In a decision dated August 6, 2012, the ALJ determined plaintiff to be not disabled. See AR 29-41. Plaintiff's request for review of the ALJ's decision was denied by the Appeals Council on February 6, 2014, making that decision the final decision of the Commissioner of Social Security (the "Commissioner"). See AR 1; 20 C.F.R. § 416.1481. On April 15, 2014, plaintiff filed a complaint in this Court seeking judicial review of the Commissioner's final decision. See Dkt. 3. The administrative record was filed with the Court on June 23, 2014. See Dkt. 9. The parties have completed their briefing, and thus this matter is now ripe for the Court's review.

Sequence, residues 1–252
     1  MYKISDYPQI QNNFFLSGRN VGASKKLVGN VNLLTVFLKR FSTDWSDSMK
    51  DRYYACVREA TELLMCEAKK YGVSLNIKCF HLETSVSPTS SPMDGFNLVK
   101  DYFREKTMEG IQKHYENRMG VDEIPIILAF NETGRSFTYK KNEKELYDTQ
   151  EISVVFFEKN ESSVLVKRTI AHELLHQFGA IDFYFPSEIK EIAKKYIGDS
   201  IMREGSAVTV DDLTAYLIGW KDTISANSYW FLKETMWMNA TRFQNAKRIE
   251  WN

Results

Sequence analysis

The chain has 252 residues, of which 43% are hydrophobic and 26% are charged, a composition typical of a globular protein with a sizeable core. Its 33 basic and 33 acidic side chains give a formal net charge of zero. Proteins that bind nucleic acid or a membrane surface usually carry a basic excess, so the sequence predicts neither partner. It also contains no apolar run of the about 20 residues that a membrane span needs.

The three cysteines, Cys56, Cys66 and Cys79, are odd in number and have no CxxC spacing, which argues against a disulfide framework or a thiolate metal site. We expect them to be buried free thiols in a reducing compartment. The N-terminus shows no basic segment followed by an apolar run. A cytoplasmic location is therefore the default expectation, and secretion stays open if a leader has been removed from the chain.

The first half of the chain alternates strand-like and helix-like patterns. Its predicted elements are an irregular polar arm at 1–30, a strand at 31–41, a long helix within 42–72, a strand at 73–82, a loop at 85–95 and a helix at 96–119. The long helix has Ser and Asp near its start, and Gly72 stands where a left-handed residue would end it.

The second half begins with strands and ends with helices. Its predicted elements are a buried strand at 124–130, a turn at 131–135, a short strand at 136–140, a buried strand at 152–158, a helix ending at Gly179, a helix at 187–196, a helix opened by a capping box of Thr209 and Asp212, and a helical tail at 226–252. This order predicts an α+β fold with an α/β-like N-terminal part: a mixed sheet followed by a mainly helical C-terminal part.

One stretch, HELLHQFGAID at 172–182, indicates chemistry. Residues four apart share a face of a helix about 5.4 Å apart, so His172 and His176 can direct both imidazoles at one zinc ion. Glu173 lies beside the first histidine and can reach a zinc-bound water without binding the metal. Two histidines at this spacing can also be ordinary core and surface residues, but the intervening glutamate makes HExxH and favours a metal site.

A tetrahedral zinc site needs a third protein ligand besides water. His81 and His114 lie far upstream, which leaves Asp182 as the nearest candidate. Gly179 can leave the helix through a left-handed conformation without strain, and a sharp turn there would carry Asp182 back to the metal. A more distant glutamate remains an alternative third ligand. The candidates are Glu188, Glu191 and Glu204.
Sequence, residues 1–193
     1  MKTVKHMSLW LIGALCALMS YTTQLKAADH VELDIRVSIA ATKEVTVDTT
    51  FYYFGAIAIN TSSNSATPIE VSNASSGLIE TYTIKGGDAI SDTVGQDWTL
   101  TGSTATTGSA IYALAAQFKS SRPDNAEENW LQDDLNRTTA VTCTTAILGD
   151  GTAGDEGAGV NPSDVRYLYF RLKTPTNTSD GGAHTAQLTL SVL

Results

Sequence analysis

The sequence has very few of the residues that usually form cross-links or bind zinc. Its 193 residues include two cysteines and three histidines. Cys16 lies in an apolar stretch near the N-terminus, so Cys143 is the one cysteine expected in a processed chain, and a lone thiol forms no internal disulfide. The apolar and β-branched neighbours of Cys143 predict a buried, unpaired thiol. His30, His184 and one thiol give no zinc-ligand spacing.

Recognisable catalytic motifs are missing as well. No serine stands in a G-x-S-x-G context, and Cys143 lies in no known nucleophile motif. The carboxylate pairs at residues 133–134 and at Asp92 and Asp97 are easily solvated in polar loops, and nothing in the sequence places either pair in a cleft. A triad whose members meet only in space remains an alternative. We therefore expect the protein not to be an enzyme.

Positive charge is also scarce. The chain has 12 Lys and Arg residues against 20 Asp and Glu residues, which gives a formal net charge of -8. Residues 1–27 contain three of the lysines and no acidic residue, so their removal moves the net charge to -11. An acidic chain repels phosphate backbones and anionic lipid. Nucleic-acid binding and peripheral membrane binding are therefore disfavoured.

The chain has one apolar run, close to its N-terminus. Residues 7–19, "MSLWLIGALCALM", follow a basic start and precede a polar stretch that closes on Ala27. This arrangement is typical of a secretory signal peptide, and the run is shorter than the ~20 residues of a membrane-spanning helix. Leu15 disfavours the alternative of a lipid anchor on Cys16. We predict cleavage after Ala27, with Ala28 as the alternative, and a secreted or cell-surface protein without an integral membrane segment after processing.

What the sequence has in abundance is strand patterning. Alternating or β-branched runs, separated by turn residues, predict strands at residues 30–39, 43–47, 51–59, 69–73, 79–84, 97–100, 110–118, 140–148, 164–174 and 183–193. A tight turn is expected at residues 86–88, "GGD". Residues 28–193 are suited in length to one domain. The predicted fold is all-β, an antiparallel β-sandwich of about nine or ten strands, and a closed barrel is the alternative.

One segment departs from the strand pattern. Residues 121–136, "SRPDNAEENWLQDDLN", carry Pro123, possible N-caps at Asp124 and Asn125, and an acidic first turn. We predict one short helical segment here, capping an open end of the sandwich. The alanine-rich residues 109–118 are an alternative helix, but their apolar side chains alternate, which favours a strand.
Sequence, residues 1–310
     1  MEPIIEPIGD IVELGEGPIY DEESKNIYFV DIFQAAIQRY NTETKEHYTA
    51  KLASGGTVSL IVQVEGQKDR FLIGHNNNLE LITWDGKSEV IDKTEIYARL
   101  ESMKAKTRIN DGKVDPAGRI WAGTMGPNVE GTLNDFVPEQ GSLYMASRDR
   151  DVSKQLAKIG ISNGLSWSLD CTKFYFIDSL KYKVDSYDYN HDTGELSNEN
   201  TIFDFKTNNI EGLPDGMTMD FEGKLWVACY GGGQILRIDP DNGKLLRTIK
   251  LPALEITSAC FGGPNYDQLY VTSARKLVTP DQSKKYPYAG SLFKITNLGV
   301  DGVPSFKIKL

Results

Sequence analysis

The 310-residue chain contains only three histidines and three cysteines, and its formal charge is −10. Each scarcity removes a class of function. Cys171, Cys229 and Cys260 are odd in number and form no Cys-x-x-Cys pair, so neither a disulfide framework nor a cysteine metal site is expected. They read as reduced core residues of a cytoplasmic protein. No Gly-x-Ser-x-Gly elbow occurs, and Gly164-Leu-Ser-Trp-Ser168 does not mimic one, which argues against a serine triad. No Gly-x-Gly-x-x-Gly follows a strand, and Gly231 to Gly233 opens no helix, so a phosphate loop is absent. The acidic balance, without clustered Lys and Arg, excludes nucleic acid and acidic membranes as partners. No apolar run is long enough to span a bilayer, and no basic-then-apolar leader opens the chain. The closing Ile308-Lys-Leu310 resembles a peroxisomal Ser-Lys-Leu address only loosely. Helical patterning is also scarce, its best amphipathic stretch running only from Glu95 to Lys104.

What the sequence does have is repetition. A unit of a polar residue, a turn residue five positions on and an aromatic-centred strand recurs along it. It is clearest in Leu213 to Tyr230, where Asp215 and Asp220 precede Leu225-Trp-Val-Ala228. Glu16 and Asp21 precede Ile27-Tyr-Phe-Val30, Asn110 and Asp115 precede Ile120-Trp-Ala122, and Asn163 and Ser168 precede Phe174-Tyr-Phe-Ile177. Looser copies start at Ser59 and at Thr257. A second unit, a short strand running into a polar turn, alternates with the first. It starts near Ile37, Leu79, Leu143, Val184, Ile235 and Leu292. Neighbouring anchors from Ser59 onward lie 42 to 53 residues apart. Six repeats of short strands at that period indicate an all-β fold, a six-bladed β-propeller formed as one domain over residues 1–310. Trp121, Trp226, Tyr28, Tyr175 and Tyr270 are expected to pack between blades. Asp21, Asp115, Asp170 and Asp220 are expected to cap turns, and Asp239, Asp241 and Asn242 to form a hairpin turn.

Plaintiff argues defendant's decision to deny benefits should be reversed and remanded for an award of benefits, or in the alternative for further administrative proceedings, because the ALJ erred: (1) in evaluating the medical evidence in the record; (2) in discounting plaintiff's credibility; (3) in rejecting the lay witness evidence in the record; (4) in assessing plaintiff's residual functional capacity; and (5) in finding plaintiff to be capable of performing the jobs of janitor, laundry worker 2, dishwasher and mail clerk in light of the reaching limitation with which the ALJ assessed plaintiff. Plaintiff further argues additional evidence submitted to the Appeals Council warrants reversal and remand for further administrative proceedings. For the reasons set forth below, the Court agrees the ALJ erred in finding plaintiff could perform the above jobs in light of the reaching limitation with which he assessed plaintiff, and therefore in determining plaintiff to be not disabled. Also for the reasons set forth below, however, the Court finds that while defendant's decision to deny benefits should be reversed on this basis, this matter should be remanded for further administrative proceedings.